Netflix is raising prices againThis is how it begins. As each major streaming service starts raising its prices incrementally, we’ll all shrug and ask “what’s just two more dollars a month?” Before we know it, it’ll be 2025 and we’ll all be paying cable prices for streaming services. I’ve said for a while now that streaming is merely the new cable in its infancy, and headlines like these are the first signs that it’s coming true. According to reports this week, Netflix is raising prices across the board on all of its subscription plans. Will this be the price hike to drive subscribers away?

Don’t count on it. Despite occasional criticism for similar price hikes in the past, Netflix still dominates the subscriber wars and enjoys a comfortable place atop the streaming market. This latest price hike will see prices increase from $11 to $13 for Netflix’s standard HD subscription package, while Netflix’s most expensive 4K plan will go up from $14 to $16. The basic, non-HD plan, meanwhile, will only go up one dollar from $8 to $9. According to the AP, the prices go into effect immediately for new customers and will roll out over the next few months for all of the existing 58 million US customers.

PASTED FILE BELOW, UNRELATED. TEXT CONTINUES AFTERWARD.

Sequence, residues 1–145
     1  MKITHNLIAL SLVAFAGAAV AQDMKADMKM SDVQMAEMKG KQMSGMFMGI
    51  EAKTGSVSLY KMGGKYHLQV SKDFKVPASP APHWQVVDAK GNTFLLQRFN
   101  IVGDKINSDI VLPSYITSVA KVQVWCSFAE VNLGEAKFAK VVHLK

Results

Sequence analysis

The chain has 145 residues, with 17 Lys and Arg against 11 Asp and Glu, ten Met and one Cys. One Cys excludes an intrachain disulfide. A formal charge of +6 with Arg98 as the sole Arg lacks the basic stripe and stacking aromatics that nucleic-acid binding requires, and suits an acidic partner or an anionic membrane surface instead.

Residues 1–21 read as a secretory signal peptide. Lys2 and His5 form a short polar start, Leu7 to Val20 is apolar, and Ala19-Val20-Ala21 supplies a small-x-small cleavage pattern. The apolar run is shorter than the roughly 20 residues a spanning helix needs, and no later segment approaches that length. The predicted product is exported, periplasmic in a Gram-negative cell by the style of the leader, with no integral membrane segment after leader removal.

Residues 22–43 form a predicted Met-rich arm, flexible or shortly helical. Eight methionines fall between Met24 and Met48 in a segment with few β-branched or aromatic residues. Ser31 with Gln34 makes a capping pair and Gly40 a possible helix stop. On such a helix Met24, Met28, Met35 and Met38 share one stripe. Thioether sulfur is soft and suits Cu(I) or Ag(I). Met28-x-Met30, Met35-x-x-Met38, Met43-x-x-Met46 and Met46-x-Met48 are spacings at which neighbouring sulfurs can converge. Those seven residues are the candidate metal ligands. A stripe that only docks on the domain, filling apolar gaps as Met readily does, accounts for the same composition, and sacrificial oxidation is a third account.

The price hike is designed to help Netflix pay for the astronomical investments the company has made into studios, original and licensed content, and a huge push for international expansion. Despite all of the investment over the last several years, Netflix is facing increasingly stiff competition in an ever-crowding market as big names like Amazon and Disney are looking to carve out their own slices of the streaming pie.

The last time Netflix raised prices in 2017, CEO Reed Hastings says that “price is all relative to value,” meaning he believes his streaming service is offering an ever-increasing value for the ever-increasing price. At what price point will subscribers have had enough, though?

Brett Tingley

Author Brett Tingley

Brett lives at the foot of the ancient Appalachian mountains in Asheville, North Carolina and writes about technology, science, and culture. Disclosure: Streaming Observer is supported by readers. Articles may contain referral links. For more information, see the disclosure at the bottom of the page.

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